(A and B) Concordant enrichments of Ezh2 and H3K27me3 in progenitor genes (A) and caudal Hox genes (B).(C~E) ChIP-qPCR verifies compromised H3K27me3 occupancy of Ezh2 and Jarid2 for the Pax6, Irx3, and Hoxc8 loci upon Meg3 KD. 1% input was used to normalize the retrieval efficiency (error bars represent SD, n = 3 independent experiments; * p-value<0.05, ** p-value<0.01 by Student’s t-test).

Figure 5 with 1 supplement
IG-DMRmatΔ mice ectopically turn on progenitor genes in postmitotic MNs.

(A ~ D) IG-DMRmatΔ embryos display ectopic Pax6on and Irx3on cells in the postmitotic Is11(2)on MNs (partial penetrance for Pax6, n = 5/11 at E11.5; whereas Irx3 displays 100% penetrance, n = 8/8. Error bars represent SD, ** p-value<0.01 by Student’s t-test). (E) Generation of generic MNs (Hb9on, Lhx3on, and Isl1/2on) is not affected in spinal cords of IG-DMRmatΔ mice at E10.5. (F) Quantification of postmitotic MNs (number of positive cells per 15 μm brachial ventral-half sections) in wild type control and IG-DMRmatΔ embryos (error bars represent SD, n = 3 embryos at E10.5; N.S.: not significant by Student’s t-test). (G) Summary of ectopic progenitor gene expression in postmitotic MNs of the IG-DMRmatΔ embryos.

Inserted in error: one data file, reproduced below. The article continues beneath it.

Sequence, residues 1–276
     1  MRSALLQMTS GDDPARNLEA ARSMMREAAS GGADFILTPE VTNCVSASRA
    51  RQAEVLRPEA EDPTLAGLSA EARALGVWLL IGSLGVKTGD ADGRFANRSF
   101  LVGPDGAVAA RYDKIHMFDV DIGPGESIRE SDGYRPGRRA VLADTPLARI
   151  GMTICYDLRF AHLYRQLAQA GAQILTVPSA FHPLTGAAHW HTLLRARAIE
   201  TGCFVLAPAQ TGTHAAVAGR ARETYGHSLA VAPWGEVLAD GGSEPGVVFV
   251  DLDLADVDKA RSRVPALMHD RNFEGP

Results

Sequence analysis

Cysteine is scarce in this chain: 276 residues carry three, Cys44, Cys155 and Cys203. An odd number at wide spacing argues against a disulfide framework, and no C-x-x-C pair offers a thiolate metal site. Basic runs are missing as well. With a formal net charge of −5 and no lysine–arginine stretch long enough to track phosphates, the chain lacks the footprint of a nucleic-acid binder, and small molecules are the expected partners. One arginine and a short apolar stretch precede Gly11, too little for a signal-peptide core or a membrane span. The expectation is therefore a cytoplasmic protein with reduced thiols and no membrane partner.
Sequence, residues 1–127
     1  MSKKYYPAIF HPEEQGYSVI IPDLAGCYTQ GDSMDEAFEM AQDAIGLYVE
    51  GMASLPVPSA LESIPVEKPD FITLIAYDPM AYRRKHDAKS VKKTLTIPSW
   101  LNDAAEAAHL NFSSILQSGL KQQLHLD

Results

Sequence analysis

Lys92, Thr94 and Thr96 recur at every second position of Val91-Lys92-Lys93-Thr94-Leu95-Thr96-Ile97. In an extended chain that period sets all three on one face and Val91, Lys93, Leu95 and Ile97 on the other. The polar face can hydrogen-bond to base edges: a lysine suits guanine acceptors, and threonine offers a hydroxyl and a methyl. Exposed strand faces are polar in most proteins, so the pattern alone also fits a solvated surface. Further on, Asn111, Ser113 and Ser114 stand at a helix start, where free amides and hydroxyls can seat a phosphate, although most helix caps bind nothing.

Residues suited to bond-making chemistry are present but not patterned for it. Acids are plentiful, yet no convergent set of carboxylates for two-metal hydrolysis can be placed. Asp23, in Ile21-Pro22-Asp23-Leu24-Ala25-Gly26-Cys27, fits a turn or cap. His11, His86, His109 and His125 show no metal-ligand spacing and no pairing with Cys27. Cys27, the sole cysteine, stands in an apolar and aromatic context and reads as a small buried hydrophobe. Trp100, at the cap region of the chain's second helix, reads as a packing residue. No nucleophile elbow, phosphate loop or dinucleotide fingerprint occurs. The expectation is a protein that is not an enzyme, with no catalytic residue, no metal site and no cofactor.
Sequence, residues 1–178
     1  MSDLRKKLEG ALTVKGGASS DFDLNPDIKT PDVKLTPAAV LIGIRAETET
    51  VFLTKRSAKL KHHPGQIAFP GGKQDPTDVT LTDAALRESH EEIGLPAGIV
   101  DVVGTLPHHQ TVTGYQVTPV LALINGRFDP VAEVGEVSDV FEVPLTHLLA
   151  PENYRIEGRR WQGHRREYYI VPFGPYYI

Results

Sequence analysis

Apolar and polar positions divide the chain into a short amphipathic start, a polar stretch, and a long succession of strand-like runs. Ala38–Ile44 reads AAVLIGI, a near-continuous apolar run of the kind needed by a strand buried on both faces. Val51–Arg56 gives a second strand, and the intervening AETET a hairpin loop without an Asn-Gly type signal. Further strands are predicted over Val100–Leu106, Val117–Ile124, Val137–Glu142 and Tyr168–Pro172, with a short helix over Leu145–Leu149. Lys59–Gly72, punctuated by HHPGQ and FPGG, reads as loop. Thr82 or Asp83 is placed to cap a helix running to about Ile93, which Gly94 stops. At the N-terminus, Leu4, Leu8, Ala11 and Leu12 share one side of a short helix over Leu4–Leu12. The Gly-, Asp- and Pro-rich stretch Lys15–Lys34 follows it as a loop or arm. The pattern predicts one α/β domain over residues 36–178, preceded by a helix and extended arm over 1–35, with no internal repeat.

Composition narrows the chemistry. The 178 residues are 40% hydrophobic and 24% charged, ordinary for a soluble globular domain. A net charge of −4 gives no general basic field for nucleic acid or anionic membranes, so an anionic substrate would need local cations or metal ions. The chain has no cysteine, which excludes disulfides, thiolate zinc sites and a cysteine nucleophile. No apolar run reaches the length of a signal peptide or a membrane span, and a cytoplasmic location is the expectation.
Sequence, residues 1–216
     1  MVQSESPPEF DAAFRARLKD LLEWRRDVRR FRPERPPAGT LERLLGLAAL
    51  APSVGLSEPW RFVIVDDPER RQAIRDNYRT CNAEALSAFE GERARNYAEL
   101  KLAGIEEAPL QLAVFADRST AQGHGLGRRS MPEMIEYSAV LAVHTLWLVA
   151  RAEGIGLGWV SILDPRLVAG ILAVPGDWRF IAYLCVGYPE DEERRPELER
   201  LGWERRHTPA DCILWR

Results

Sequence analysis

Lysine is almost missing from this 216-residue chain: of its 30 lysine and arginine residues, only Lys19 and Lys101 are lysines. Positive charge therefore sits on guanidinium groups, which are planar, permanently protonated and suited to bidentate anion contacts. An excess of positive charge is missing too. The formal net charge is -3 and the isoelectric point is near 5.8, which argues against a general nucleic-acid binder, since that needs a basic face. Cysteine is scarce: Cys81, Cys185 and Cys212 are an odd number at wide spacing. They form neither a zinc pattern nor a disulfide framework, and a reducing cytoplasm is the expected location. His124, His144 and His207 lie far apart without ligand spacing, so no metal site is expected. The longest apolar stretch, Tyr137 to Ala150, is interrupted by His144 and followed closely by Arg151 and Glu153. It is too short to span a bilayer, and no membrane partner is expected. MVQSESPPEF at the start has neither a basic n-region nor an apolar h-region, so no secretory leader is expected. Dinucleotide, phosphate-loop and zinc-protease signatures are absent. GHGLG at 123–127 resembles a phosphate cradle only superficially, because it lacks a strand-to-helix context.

Figure 5—figure supplement 1
IG-DMRmatΔ mutant phenotype analysis.